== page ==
Gas condensate won't solve fuel problem of Iranian power plants - Thermal Power Plants Company

Oil&Gas Materials 20 September 2021 16:17 (UTC +04:00)
Gas condensate won't solve fuel problem of Iranian power plants - Thermal Power Plants Company

BAKU, Azerbaijan, Sept. 20

By Elnur Baghishov – Trend:

The use of gas condensate in Iranian power plants will not solve the fuel problem, said Mohsen Tarztalab, Managing Director of Iran’s Thermal Power Plants Holding Company, Trend reports citing the company’s website.

According to Tarztalab, currently, it is not possible to generate a large volume of electricity from gas condensate in the country.

“Although proposals were made in the last Iranian year (March 20, 2020, through March 20, 2021) for the use of gas condensate in power plants in Iran, this work was stopped due to increased air pollution and the bad smell of mercaptan (methanethiol),” he added.

The director noted that in order to use gas condensate in power plants, a number of opportunities must be created at power plants and refineries to eliminate the bad smell of mercaptan. At the same time, the use of gas condensate will increase electricity generation costs by 4 times.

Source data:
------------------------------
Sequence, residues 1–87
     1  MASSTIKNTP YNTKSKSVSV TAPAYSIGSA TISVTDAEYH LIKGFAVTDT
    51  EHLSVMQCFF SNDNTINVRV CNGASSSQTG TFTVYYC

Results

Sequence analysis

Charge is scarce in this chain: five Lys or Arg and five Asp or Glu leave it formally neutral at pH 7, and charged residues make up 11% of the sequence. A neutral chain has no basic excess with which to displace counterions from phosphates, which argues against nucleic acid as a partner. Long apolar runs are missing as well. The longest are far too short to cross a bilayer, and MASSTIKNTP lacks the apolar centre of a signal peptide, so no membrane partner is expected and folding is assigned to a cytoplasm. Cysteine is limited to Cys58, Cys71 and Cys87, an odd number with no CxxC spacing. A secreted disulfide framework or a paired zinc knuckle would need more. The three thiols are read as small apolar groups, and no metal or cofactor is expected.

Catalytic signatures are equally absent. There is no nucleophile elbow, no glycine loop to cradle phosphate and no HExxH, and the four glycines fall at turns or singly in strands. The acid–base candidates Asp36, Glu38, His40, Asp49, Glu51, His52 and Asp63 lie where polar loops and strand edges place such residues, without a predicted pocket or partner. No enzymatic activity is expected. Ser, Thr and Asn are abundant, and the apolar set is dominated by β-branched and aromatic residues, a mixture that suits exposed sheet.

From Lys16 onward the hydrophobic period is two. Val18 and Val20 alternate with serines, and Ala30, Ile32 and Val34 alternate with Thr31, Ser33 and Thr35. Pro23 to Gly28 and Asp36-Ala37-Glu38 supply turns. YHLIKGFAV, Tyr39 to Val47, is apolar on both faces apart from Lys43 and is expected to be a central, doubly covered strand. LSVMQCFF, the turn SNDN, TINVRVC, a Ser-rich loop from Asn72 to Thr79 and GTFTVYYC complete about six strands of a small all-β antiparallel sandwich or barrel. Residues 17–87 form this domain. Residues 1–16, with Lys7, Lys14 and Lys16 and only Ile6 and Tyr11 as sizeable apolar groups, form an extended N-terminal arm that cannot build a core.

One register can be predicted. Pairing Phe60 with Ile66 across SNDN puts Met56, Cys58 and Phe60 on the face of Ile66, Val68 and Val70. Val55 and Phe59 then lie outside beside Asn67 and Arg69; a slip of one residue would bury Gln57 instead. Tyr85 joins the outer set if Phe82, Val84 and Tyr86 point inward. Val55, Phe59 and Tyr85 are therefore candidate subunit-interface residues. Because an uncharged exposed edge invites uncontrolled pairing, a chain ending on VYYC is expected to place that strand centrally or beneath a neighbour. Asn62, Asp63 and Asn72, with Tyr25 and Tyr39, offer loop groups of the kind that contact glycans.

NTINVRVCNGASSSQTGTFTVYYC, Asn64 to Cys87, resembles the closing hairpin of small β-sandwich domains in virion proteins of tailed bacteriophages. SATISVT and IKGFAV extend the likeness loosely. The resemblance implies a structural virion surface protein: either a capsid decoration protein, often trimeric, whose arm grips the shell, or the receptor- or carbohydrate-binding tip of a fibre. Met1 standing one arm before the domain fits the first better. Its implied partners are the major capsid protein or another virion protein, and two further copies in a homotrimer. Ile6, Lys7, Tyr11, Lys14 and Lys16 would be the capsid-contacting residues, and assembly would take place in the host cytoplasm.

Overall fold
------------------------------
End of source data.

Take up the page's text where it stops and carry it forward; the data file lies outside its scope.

“As for the use of coal as fuel in Iranian power plants, the Supreme Energy Council of Iran has decided to use coal in power plants. According to this decision, coal-fired power plants with a generation capacity of about 5,000 megawatt-hours of electricity should be built in Iran by 2041. These power plants will be built in remote areas of cities and settlements,” Tarztalab said.

The director stressed that at present, the Tabas coal-fired power plant is being built in Iran. One of the units of this power plant will be launched by 2024. It was also decided to conduct a comprehensive study of such power plants in the country.

According to him, about 40 percent of electricity generation in Iran is accounted for by coal-fired power plants.

As reported, the total capacity of Iran's power plants (thermal, hydroelectric, nuclear, renewable, and so on) is currently about 85,559 megawatt-hours. About 81 percent of which is accounted for thermal power plants.


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